E: info@golaunchtech.com | P: 410.533.9708

7 Work from Home (WFH) Tips from the LaunchTech Team

Team of 9 on a Zoom call

The LaunchTech Communications team began our work from home (WFH) era on March 17. Now that we are nearly two months into it, the team has decided to share their tried-and-true WFH tips. We are eager to return to the office once things settle in Maryland, but in the meantime, these tips might just help you get through the remaining weeks!

Tip 1: Whole-Heartedly Commit to a Pre-Work Routine (courtesy of Kate S. and Katie B.)

Just because you aren’t driving to the office and going into your normal workspace doesn’t mean you can’t have a routine. The lack of a commute means there is extra time in the morning to ease into the day! Get up early with a purpose: walk the dog, listen to a podcast, do a workout, cook breakfast, and drink a non-negotiable cup of coffee. Getting the mind and body flowing before work will make your day all the better!

Tip 2: COFFEE (courtesy of Cole C.)

While coffee is a component of other tips, it is one all by itself as well. Whether you have a traditional coffee pot or an insulated french press, having hot coffee nearby throughout the day is a must. It might just even get you in the habit of brewing your own even once things return to normal and ultimately help save you money by skipping your usual, daily — twice a day — trip to Dunkin or Starbucks. 

Tip 3: Tackle Tomorrow’s “Little Things” the Night Before (courtesy of Dan W.)

To be proactive, start tackling tomorrow’s smaller tasks the night before. Try drafting a few emails in advance of when you need to send them so they are ready to fire off first thing in the morning. This frees up time in the morning to focus on bigger tasks and priorities. 

Tip 4: Get Your Vitamin D (Safely) (courtesy of Sara K.)

Make getting a daily dose of sunshine a priority (while following social distancing guidelines, of course). When it comes time to take a lunch break, step out onto your balcony, patio, roof, front porch, or what-have-you to breathe in the fresh air. Taking a post-work walk helps to combat the claustrophobia that many are feeling at this point. 

Tip 5: Do a Chore as a Work Break (courtesy of Taylor H.) 

Every morning, pick a “chore” to do around the house in the afternoon between tasks or calls. It doesn’t have to take long, just something to get you standing and up and away from any bad sitting posture or give your eyes a rest from the screen. For example, unload or load your dishwasher; take out the recycling; put away your clean laundry that came out of the dryer two days ago; vacuum the living room; organize your desk area. It’s always a good feeling to have accomplished something small during the day that isn’t work-related.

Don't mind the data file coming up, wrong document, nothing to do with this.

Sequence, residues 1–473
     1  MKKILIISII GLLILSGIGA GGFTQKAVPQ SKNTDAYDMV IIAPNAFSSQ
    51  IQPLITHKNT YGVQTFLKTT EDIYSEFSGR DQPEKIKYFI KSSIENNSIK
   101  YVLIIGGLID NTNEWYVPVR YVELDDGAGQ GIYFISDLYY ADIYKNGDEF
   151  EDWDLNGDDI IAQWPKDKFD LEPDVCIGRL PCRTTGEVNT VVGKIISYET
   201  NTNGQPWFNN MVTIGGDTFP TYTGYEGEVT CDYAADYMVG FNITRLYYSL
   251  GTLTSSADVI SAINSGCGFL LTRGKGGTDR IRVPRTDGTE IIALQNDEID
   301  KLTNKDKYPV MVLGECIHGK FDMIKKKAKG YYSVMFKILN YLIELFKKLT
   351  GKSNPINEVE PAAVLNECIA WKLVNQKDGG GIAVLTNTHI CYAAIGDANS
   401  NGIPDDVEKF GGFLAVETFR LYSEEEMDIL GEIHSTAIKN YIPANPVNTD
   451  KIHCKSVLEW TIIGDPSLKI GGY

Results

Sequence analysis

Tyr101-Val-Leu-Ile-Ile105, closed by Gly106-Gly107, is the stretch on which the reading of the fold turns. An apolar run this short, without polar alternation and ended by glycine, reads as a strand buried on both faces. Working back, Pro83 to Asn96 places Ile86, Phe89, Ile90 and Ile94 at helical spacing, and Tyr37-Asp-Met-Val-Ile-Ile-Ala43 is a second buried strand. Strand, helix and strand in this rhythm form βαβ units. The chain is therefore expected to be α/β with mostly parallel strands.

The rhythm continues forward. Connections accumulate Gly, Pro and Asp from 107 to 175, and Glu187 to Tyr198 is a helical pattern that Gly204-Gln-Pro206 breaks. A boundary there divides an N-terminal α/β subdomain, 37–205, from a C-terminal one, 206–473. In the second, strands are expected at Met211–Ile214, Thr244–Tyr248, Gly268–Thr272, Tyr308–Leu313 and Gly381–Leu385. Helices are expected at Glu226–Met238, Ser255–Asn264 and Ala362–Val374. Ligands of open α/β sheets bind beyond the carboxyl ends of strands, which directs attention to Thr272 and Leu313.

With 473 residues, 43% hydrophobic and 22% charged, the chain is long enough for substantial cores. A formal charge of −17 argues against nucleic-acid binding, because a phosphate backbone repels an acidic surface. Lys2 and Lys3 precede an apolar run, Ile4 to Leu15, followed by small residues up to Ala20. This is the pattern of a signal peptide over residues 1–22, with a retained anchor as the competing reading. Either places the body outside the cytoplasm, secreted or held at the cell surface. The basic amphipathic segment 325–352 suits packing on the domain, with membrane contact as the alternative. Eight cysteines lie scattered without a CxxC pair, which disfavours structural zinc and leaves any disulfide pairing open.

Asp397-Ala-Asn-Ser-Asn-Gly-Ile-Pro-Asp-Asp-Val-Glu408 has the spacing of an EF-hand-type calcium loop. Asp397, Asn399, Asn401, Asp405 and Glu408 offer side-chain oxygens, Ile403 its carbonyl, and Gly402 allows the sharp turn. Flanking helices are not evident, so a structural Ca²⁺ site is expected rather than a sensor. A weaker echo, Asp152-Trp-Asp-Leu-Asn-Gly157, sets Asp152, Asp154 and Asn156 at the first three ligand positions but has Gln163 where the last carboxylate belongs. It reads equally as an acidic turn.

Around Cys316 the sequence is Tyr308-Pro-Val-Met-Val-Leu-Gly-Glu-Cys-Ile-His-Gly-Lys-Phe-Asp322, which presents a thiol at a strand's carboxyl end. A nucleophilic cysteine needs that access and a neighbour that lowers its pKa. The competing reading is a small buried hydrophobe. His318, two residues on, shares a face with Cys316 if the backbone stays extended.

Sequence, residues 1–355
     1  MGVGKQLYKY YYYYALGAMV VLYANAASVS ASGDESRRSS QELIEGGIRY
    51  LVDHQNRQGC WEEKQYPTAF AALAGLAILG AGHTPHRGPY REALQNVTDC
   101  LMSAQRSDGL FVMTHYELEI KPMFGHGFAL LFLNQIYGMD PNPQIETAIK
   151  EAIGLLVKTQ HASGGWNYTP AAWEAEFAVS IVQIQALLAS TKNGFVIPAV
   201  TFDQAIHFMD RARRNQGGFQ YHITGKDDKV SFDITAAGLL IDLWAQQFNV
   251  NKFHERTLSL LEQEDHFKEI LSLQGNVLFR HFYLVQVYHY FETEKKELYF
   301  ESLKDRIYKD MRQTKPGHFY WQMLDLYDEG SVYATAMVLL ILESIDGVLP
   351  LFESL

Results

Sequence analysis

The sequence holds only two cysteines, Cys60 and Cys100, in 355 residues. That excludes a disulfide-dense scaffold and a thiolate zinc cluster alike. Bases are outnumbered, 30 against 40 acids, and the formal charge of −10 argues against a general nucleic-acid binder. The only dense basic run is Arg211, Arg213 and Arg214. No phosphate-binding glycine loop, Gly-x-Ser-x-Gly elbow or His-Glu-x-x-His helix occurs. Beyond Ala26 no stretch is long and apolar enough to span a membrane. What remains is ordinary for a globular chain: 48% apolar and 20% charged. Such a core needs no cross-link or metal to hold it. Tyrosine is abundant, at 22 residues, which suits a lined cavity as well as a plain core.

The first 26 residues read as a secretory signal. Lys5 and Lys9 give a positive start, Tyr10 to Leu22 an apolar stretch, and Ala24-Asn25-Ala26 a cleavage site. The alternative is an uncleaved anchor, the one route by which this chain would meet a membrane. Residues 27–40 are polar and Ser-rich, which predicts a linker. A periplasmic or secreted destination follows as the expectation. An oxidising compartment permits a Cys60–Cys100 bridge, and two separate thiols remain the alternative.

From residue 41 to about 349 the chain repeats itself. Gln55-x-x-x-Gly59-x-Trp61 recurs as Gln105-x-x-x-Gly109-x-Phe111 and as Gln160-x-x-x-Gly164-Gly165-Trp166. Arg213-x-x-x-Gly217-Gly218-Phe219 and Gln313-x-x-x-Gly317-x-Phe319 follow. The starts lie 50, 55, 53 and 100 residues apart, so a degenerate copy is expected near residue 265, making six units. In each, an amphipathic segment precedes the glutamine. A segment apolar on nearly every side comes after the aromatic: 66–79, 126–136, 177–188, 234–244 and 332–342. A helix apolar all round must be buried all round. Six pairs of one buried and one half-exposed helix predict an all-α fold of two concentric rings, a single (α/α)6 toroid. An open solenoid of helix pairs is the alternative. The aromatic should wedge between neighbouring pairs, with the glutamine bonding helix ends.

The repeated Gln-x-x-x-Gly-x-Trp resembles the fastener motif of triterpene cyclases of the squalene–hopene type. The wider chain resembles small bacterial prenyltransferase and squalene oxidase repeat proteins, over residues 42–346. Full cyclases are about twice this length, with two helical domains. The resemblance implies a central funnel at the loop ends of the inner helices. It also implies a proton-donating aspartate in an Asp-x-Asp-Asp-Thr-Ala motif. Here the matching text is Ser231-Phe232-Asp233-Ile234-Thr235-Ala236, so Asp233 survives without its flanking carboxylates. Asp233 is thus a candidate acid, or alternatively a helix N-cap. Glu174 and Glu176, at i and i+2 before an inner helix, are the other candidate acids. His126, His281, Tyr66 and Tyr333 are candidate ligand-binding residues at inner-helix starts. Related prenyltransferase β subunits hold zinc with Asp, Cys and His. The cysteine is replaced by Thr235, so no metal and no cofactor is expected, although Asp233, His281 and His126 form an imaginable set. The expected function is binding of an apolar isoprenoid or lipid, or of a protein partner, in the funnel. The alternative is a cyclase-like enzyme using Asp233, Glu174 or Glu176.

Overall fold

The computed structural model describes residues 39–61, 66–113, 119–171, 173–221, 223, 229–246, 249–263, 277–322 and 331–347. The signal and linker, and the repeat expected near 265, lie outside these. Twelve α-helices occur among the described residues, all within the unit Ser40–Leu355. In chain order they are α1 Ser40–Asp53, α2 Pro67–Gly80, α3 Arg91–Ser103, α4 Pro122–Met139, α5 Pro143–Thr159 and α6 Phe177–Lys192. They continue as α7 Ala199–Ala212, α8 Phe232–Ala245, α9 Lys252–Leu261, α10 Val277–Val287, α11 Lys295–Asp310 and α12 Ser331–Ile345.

Tip 6: Make a Point to Move Around (courtesy of Henry R. and Kathleen L.)

Staying in one spot throughout the workday can make people a little stir crazy. It can leave you with writer’s block or feeling uninspired by a certain task. Changing work stations can help open you up to a new perspective and rejuvenate your creative juices. Simply getting up and moving every now and then is critical. If doing a chore in between meetings (see Tip 1) or calls isn’t your jam, try doing a few walking laps around the kitchen to stretch your legs. Need more structure? Every hour on the hour drop down and do 10 push-ups, squats, or whatever activity suits you. 

Tip 7: Use a Physical To-Do List (courtesy of Bridget K.)

Digital tools are all well and good, but I find having a good old fashioned to-do list written out on a notepad is what helps keep my day on track the best. Each morning I jot down all my priorities for the day and have the list next to my keyboard — it’s a great visual reminder for when I find myself flip-flopping between tasks too often. It is also way more satisfying to physically check off an item then it is to digitally click one away! 

Leave a Reply

Your email address will not be published. Required fields are marked *

four + 19 =

You may use these HTML tags and attributes: <a href="" title=""> <abbr title=""> <acronym title=""> <b> <blockquote cite=""> <cite> <code> <del datetime=""> <em> <i> <q cite=""> <strike> <strong>